The mountains are stunning. Some of the best lines in all of the world are right in front of Seth Morrison. He’s sitting on a bench on a Victorian-house lined street, a cup of coffee in his hand and one of the locals sitting beside him.
They’re discussing safety, a popular topic of discussion around these parts. While they talk in subtle tones, Morrison’s gaze is set upward at those snow-capped peaks, likely visualizing what’s to come. Early morning wake-up calls and countless hours of hiking; world-class couloirs and some of the most spectacular high alpine scenery in the country.
He’ll be trusting the judgment and advice of men he only recently met and then staring down the kind of lines that make even him, a man considered one of the premiere big mountain skiers in the world, take pause. But he trusts these newfound friends; he has no choice – they know this place, it’s good sides and its bad sides, better than anyone.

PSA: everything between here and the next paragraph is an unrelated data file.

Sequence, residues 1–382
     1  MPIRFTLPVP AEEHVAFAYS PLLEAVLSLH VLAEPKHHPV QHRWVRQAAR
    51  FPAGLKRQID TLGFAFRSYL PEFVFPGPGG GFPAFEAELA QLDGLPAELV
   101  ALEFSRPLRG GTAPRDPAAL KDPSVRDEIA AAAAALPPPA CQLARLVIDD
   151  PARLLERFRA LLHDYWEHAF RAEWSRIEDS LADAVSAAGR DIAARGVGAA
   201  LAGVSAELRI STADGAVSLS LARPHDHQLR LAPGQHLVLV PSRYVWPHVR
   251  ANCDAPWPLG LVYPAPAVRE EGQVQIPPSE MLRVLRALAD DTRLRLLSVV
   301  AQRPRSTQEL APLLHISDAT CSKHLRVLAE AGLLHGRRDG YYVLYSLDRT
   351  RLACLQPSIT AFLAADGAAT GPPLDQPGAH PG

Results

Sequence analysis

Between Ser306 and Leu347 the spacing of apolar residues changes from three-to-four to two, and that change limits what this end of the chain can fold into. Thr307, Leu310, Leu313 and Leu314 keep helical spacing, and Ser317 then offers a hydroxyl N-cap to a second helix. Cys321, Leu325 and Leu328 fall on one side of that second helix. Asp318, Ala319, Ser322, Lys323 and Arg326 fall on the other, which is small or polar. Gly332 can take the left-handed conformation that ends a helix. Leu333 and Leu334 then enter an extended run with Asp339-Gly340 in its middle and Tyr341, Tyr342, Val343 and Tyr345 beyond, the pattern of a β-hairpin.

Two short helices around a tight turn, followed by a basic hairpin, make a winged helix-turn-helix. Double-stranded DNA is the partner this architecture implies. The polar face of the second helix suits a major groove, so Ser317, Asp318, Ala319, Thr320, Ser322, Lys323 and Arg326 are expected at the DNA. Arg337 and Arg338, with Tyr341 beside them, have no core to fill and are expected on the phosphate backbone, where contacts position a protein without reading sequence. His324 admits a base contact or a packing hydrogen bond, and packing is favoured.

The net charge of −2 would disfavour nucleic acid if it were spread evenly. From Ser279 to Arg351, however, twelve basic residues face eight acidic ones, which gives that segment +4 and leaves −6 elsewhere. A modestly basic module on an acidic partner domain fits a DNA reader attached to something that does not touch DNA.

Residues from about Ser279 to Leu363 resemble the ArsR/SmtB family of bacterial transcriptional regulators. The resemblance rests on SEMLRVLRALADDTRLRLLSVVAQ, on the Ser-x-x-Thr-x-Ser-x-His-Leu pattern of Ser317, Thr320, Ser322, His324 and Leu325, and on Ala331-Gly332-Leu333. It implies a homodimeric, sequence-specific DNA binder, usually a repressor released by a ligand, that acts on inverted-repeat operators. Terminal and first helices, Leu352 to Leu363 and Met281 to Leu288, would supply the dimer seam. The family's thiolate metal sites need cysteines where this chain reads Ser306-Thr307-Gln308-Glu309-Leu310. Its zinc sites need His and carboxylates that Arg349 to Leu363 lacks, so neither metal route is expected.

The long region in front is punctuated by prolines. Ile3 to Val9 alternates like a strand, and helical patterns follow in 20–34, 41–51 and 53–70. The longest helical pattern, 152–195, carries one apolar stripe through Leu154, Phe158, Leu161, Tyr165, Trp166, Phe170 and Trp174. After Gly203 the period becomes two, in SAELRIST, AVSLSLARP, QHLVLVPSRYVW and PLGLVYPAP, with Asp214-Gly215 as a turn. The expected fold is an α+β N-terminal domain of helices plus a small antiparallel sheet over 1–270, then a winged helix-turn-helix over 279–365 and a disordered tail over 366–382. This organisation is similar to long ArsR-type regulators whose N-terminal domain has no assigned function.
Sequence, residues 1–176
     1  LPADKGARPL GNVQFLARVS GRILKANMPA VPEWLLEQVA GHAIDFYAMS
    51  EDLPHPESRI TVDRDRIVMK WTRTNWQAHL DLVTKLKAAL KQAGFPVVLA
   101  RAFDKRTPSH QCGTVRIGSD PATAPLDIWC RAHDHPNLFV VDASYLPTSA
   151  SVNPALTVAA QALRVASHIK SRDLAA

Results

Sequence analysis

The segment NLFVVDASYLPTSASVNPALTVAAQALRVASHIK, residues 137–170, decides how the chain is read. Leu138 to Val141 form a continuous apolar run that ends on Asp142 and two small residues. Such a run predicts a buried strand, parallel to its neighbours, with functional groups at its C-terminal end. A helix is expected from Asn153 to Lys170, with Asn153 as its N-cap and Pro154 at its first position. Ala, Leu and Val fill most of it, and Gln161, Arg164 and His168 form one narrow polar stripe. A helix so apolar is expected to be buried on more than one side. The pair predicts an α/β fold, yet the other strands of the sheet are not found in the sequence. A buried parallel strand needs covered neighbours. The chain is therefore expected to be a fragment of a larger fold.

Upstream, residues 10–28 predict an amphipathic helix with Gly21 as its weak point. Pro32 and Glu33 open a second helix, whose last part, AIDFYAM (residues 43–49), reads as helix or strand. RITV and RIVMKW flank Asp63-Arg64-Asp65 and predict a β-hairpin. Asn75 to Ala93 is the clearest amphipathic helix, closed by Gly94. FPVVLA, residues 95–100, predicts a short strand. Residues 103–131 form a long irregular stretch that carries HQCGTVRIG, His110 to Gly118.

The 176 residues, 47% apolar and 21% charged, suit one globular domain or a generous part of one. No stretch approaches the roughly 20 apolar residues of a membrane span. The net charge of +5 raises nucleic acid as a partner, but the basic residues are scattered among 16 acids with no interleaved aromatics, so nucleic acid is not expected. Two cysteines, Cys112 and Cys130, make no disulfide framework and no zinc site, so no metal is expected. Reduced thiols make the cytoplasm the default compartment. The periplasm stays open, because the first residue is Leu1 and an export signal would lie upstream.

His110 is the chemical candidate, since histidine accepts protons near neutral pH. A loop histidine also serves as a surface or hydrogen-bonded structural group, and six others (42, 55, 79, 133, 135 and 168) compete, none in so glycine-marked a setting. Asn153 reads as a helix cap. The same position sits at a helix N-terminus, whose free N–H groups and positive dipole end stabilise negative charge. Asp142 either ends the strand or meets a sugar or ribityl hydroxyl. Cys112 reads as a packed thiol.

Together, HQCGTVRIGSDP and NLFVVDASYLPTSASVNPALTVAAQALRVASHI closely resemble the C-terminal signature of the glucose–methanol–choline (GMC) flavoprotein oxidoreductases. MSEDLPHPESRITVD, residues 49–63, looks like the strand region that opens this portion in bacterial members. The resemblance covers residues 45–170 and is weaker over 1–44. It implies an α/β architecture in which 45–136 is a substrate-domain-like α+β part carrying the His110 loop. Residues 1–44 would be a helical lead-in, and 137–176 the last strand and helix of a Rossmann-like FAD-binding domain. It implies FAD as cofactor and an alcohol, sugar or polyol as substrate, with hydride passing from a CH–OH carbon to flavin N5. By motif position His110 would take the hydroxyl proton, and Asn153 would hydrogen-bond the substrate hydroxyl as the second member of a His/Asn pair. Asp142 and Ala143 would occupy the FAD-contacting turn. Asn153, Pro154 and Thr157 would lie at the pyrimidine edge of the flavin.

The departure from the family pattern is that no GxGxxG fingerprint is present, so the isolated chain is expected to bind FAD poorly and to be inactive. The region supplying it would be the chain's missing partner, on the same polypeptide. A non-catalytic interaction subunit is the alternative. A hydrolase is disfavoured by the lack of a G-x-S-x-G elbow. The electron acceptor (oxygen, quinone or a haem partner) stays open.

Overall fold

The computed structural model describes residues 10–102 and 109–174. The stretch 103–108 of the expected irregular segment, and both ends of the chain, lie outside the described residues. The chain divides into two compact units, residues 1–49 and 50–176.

For now, he’s safe, on this park bench in a town known as much for its mining history as its mountain terrain. It’s not the type of place to garner travel features in magazines or long chair lift lines, but that’s mainly because it’s not a place for everyone. The majority of the ski community couldn’t survive the backcountry terrain this area has to offer. But for those who can handle the steep lines and some of the most dangerous snowpack in the country, it’s a place that rivals the most renowned mountains in the world – and it’s just 200 miles from Denver as the crow flies.
Welcome to Telluride, Colorado.
The minerals were valuable long before the terrain. Surrounded by the San Juan Mountains, Telluride’s terrain, early on, was more of a detriment to the young town’s appeal than it was a benefit.